While scientists have long believed that male birds have brighter colored plumage in order to attract mates, new research from the University of Wisconsin-Milwaukee throws cold water on this theory by indicating that males and females aren’t so different after all.
A team of researchers led by UW-Milwaukee biological sciences professors Peter Dunn and Linda Whittingham examined nearly 1,000 different species of birds and found that while males still do typically have brighter feathers than females, the gap between the two sexes is closing as both evolve over time to blend into their surroundings and hide from predators.
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In a recent edition of the journal Science Advances, the authors wrote, “the bright colors of birds are often attributed to sexual selection on males, but in many species both sexes are colorful, and it has been long debated whether sexual selection can also explain this variation.”
“We show that most evolutionary transitions in color have been toward similar plumage in both sexes, and the color of both sexes (for example, bright or dull) was associated with indices of natural selection (for example, habitat type), whereas sexual differences in color were primarily associated with indices of sexual selection on males,” they added.
In short, they concluded that both natural selection and sexual selection were influential to bird coloration, but that each of those factors have been involved in different ways. Sexual selection led to reproductive differences, while natural selection caused color changes in both sexes, and there have been as many similarities as differences in male and female birds.
“Although most studies of bird plumage focus on dichromatism, evolutionary change has most often led to similar, rather than different, plumage in males and females,” Dunn, Whittingham and former UW-Milwaukee grad student Jessica Armenta wrote. “Our study shows that ecology and behavior are driving the color of both sexes, and it is not due to sexual selection.”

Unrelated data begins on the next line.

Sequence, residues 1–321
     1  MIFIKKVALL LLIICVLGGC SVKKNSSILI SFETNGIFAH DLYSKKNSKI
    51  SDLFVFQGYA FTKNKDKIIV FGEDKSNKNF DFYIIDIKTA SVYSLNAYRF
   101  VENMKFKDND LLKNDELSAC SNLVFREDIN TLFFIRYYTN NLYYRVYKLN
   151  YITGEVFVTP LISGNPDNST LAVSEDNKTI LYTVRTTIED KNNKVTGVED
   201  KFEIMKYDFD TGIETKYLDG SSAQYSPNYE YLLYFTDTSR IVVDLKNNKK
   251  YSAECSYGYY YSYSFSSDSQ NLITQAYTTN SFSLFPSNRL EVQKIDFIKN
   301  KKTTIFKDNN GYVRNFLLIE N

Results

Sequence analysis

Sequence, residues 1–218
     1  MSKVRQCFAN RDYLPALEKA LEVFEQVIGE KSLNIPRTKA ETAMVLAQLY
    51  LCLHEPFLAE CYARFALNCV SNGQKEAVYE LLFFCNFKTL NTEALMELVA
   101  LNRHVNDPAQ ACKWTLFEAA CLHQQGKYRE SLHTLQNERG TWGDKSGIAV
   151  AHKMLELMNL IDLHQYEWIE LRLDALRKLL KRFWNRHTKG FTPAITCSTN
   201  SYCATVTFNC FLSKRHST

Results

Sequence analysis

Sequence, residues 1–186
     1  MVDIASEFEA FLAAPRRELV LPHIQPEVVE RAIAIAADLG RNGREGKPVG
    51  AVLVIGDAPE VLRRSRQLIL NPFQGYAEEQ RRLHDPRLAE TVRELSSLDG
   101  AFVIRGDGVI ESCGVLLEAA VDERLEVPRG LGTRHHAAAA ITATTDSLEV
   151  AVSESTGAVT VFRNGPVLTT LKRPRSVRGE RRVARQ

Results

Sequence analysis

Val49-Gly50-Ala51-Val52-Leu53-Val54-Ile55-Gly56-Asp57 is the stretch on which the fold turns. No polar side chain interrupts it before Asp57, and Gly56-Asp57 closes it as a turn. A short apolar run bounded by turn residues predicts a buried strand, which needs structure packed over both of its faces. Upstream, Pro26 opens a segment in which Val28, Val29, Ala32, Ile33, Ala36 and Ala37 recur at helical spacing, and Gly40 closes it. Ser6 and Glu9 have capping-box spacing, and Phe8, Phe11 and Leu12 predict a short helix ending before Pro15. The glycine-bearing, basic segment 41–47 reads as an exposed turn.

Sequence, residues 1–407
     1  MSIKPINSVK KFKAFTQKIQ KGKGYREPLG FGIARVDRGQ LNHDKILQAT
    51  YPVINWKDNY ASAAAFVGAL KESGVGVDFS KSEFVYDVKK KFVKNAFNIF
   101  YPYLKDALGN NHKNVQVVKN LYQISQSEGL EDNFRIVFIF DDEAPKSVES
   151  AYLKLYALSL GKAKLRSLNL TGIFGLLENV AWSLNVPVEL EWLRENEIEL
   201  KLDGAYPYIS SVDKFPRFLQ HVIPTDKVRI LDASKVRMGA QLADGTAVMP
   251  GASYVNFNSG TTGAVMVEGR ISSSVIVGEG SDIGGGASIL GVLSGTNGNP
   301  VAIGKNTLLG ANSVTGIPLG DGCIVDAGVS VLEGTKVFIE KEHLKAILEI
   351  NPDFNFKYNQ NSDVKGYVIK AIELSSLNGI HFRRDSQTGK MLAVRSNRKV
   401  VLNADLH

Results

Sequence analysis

Birds of a feather
Armenta, who is now a teacher at Austin Community College in Texas, gathered data from 977 species of birds from museums in Australia and the US over a four-year period. She looked at six birds (three males and three females) from each species, and the data she gathered was examined by Dunn and Whittingham, who assigned each a color score based on brightness and hue.
They examined plumage color in relation to 10 measures of natural and sexual selection, finding that when the sexes became closer in color, they did so for reasons of natural selection, and when the color gap increased, it was due to reasons related to sexual selection. The study is said to be the first to examine the color of both sexes in terms of both natural and sexual selection in birds.
“A lot of research has focused on how plumage color is related to mating success, especially in males,” Dunn explained, “so this should hopefully get researchers to think more about how color affects survival, especially predation and foraging success, in both sexes.”